On Fri, 2017-08-25 at 08:59 -0400, Matthew Miller wrote:
On Thu, Aug 24, 2017 at 08:42:17PM -0400, Zach Oglesby wrote:
> Now that we are on the new asciidoc/asciibinder system I was thinking
> about the release notes RPM and the fact that the it was generated by
> publican. Last I check the RPM is still a blocker for releases, and as
> it stands now, we don't have a way to make this with the new source
> My personal preference would be to remove this as a requirement for
> releases, but this needs to be discussed with a larger group of people
> as I don't think we can just say this is not longer a release criteria.
> I am not sure who we need to talk with (FESCo? RelEng?), but before we
> talk to them we need to have a discussion about it here and figure out
> what the docs team would like to see done so that we are talking with
> one voice.
Generally, the release criteria are owned by QA, so the test list would
be the place to take this. We actually had issues with this at the last
minute with the F26 release, and discovered that there was an approved
proposal from 2015 to drop the requirement to have release notes on the
The crition is now "The final branded and generic release notes must be
present in the release repository."
I propose we a) change "in the release repository" to "on the Fedora
Docs website" and b) drop the part about "generic release notes";
since it won't be an RPM, that's not a hardship for remixes.
So yes, the release criteria are owned by QA, but ultimately they're
not written in a vacuum. We don't want to be in the position of
deciding *policy* with the release notes. The flow should rather be
that policies are decided by the appropriate groups, and the release
criteria accurately reflect their decisions. I'd say the "policy" here,
in the past, was "we always want to include the Release Notes in the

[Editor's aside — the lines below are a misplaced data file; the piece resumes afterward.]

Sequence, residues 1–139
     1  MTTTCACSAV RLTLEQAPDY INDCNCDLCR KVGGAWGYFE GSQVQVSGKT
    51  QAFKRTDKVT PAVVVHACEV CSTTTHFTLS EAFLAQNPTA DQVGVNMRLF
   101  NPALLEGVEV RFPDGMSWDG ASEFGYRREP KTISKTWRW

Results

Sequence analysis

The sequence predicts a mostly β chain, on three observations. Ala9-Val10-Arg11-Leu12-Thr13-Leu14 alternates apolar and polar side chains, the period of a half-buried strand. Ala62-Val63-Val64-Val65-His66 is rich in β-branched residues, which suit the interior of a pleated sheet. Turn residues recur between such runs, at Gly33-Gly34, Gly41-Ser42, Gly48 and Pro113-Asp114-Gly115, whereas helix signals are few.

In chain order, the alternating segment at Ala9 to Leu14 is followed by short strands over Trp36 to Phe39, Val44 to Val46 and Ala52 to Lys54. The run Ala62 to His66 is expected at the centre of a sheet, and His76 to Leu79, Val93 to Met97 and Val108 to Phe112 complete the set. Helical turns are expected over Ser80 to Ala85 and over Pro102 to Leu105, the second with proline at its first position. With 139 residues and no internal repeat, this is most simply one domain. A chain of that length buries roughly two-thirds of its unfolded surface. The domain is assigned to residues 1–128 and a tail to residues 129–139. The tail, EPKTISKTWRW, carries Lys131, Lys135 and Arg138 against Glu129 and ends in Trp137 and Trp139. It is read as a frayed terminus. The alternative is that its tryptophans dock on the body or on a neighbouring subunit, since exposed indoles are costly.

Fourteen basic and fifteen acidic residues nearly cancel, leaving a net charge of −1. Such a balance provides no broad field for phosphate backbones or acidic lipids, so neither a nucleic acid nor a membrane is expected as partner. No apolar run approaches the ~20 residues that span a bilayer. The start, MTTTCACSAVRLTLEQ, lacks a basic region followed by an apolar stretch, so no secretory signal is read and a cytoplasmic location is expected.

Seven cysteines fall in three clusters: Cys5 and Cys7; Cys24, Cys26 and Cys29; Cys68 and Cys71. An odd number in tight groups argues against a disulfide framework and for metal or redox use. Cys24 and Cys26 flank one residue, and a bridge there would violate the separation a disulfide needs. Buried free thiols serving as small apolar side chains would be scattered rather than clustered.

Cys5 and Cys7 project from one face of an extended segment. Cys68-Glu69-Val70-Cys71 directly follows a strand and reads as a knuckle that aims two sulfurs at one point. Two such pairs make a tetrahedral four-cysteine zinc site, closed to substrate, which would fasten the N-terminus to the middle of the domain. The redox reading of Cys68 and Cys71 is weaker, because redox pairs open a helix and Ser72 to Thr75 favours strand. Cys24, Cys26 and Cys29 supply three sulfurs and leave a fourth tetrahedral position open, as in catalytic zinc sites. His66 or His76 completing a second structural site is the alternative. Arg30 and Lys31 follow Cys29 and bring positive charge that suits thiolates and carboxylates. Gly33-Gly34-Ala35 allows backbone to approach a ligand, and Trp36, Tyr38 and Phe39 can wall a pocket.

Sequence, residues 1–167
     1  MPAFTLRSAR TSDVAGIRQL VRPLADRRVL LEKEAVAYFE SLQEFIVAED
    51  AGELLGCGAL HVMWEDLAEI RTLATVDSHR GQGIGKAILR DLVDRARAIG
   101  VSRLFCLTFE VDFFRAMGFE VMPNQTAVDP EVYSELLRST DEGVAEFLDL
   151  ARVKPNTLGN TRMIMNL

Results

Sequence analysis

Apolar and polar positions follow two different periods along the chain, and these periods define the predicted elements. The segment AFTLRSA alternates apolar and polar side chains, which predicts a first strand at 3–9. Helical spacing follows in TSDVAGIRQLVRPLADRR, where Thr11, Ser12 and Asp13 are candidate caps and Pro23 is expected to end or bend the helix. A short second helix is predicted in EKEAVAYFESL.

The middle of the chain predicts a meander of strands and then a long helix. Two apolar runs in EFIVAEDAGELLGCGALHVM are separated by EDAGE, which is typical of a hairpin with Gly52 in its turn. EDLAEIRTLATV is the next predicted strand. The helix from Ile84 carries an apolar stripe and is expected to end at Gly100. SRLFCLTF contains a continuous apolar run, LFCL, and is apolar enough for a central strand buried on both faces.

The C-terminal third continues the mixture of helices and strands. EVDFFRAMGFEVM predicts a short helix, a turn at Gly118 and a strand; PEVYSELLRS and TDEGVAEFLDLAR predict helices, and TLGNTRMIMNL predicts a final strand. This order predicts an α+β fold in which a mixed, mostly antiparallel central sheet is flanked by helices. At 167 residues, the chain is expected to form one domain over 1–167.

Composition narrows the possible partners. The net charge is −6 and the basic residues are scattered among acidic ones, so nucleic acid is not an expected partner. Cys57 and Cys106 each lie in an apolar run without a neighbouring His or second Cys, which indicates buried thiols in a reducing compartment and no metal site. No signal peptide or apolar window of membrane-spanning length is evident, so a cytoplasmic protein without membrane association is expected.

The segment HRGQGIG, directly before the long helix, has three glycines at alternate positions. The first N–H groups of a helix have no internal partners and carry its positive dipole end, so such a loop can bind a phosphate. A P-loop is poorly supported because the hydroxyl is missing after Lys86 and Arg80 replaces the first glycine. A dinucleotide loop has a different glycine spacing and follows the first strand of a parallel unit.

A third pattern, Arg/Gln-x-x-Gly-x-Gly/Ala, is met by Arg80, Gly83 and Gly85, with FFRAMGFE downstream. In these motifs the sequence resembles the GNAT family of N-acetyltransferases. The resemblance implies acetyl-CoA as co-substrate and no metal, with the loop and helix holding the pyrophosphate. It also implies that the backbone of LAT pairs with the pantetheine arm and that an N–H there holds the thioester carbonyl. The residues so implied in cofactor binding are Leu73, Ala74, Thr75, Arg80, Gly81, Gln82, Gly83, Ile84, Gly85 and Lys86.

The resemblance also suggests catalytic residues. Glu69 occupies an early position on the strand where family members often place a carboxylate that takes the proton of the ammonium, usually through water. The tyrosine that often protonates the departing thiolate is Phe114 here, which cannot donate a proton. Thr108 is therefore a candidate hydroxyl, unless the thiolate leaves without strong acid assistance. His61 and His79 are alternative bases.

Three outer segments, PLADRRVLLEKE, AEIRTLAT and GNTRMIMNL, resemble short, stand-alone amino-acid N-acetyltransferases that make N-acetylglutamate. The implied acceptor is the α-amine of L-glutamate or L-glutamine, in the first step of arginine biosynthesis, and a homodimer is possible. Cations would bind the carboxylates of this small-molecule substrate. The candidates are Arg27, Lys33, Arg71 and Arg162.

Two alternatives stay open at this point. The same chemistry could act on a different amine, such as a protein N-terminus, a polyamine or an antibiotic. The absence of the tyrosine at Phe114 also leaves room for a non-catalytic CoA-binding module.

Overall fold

media". That's a policy that can change, and if it does, of course the
criterion would be updated appropriately.
In fact the policy already changed, because some media already aren't
built with the @standard package group these days and thus do *not*
include the release notes.
So I'd say we should decide what our new policy really is, then ensure
the release criterion reflects that.
The present state is that the release criterion is OK with release
notes being present or not present, both on media and in the
repository, but requires that if they *are* present, they not be
outdated (i.e. they can't be a leftover package for a previous
release). The wording is "Any release notes included in the release repositories
and/or any release-blocking deliverables must be for the correct release, and approved for
release by the documentation team."
So the question is, what do we actually think is a sensible policy
around this now? The thing that's changed is, obviously, much more
widespread internet connectivity; we can reasonably claim that 'most'
Fedora users don't need the release notes on their media or in the
repositories to read them, they can just go look on the docs site. So
we could argue there's no real need to include the actual release notes
on the media any more; we could maybe just include a standard Firefox
bookmark linking to a release notes landing page, or similar (if we
I have one argument in favour of keeping the actual release notes
together with the distribution itself: future accessibility. In my
experience, the availability of ancillary bits that were *originally*
provided alongside some piece of software in some way is far less
reliable than the availability of the software itself. You can often
find the actual tarball (or whatever) of some random F/OSS release from
2005, or 1995. It's much less likely that you'll find the associated
release announcement (site it was posted on is very likely down), VCS
logs, etc. The case I'm thinking about is when some researcher 30 years
in the future wants to look at Fedora 27, and are interested in how we
described the changes in it. I suspect that they're much more likely to
be able to get a hold of an F27 image, or the entire release tree, than
they are to be able to get a hold of precisely what every
website looked like on the day of F27 release. Maybe
in 30 years Fedora is wound down and docs.fp.o is gone. If the release
notes are in the release itself, our researcher will have them. If they
aren't, maybe they won't...
I'm not sure how significant folks think this kind of concern, is
So anyway, I suggest we decide as a matter of policy - i.e. *intent* -
whether we intend to include release notes in the release in future. I
guess whether the release notes are included on any particular media
should be up to the group responsible for each medium; this is a
precedent we've established by being OK with Workstation not including
them any more.
Once we've decided the intent, we can think about what it makes sense
for the release criteria to say.
Fedora QA Community Monkey
IRC: adamw | Twitter: AdamW_Fedora | XMPP: adamw AT happyassassin . net